This is the exact opposite of 1984's climax, where readers aren't given what they want: we hope the protagonist and his girl to defeat the totalitarian regime, sending the Big Brother and his perverse intelligence apparatus to oblivion, imprisonment or even death, but in the end, the bad guys triumph and the "heroes" can do nothing to thwart this grim status quo they live in, not even the proles can do anything to do so. Tomorrow Never Dies, in contrast, is ruled by the laws of the action movies of the 90s and the formula of the (classic) James Bond films where the hero saves the world and gets the girl, thus giving us exactly what we want. What Bond tells Carver could very well have been said aloud on a board meeting of any media group or in a brainstorming session done between screenwriters, directors and producers: "Bond must kill the villain and get the girl, give the people what they want!".
As an epitaph for Elliot Carver and his broken dreams, we have the exaggeratedly Orwellian end credits song: "Surrender", performed by k.d. Lang and written by Don Black. "Your life is a story I've already written. The news is that I am in control. And I have the power to make you surrender. Not only your body, but your soul", Lang's enticing voice sings, evoking something that the Big Brother himself would have said. In fact, Winston Smith is tortured by the treacherous O'Brien to the point his soul is controlled, and he is forced to betray the woman he loved, which is at a point the debate the couple had: "They can make you say anything, but they can't make you believe it. They can't get inside you."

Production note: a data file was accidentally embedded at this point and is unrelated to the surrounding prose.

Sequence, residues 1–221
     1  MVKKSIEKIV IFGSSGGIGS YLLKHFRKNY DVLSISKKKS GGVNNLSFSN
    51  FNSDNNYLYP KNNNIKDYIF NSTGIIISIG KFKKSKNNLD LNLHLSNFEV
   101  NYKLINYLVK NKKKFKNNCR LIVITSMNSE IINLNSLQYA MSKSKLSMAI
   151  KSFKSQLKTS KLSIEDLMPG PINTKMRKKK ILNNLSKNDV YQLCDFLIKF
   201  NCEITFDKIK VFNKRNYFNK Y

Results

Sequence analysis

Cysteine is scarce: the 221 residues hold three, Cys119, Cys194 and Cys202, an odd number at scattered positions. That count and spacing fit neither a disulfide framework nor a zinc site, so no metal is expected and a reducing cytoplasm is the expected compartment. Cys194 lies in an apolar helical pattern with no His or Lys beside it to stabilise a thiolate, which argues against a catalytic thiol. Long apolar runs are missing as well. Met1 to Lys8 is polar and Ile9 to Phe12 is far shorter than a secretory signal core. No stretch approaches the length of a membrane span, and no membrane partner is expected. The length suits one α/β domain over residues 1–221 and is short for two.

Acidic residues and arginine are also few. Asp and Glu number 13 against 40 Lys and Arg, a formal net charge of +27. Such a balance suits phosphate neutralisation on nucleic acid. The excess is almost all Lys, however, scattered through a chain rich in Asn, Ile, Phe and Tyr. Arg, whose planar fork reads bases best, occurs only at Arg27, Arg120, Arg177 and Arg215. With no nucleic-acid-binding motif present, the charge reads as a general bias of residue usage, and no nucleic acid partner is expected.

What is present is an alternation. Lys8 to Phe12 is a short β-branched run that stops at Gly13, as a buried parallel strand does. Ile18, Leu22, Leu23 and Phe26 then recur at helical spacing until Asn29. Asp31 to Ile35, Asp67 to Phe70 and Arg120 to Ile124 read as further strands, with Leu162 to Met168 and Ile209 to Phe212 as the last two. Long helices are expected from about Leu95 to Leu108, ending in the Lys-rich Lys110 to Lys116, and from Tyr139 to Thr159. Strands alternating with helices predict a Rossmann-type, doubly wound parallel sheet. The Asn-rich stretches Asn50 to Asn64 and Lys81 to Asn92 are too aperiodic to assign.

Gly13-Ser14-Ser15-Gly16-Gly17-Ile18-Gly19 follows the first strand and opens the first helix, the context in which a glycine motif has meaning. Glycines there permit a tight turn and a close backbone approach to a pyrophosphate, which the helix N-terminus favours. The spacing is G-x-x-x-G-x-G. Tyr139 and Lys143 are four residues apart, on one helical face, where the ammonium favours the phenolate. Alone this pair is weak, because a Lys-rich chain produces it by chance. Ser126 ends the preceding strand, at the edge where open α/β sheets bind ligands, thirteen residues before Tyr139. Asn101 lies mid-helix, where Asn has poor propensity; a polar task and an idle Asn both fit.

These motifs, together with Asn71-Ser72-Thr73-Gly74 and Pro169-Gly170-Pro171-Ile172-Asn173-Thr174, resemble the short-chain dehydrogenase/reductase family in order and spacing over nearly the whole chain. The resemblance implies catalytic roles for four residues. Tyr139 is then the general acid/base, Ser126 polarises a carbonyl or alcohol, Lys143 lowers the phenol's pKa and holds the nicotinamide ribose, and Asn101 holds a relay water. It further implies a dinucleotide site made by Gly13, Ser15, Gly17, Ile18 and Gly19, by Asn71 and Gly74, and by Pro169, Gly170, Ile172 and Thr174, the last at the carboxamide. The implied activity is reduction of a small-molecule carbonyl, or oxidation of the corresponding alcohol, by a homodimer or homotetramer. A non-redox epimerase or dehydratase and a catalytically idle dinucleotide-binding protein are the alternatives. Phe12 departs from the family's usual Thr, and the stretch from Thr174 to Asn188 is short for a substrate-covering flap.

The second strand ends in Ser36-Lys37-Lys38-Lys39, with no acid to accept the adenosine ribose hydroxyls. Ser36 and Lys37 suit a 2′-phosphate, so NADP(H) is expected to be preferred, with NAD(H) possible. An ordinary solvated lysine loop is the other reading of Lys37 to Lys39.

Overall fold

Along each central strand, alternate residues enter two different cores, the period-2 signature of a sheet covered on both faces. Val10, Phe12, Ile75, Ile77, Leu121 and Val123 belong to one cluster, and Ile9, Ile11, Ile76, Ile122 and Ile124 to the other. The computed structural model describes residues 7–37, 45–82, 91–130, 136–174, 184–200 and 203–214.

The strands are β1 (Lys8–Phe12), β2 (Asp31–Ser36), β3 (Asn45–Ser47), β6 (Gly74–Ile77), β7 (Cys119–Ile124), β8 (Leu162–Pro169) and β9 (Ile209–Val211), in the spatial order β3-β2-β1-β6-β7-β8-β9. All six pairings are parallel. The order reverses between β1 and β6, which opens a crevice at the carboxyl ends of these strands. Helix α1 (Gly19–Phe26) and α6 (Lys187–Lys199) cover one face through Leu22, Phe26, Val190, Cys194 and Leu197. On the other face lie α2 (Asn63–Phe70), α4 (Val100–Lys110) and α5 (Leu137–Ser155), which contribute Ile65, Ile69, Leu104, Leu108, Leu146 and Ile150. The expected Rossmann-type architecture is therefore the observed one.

"The truth is now what I say. I've taken care of yesterday", the song says, bringing us back to the essential function of the Ministry of Truth where Winston worked: taking care of yesterday to make sure what the Big Brother said was established and confirmed as the truth - particularly with political promises he made or allegiances he had in the past. 
While many think Tomorrow Never Dies wasn't a worthy follow-up to Martin Camobell's hit actioner GoldenEye, the truth is that the Roger Spottiswoode film dealt with a subject that is quite relevant today as it evidences the power these media moguls have. Not so long ago, there was a debate on how the businessmen behind social media platforms could limit some of the most powerful leaders of the world, or how some of these leaders accused mass media of spreading "fake news". Two decades earlier, the eighteenth James Bond adventure brought that to the table and reinforced the key ideas of mass surveillance present in George Orwell's classic. Therefore, next time you watch it, you should take Tomorrow Never Dies far more seriously.
Nicolás Suszczyk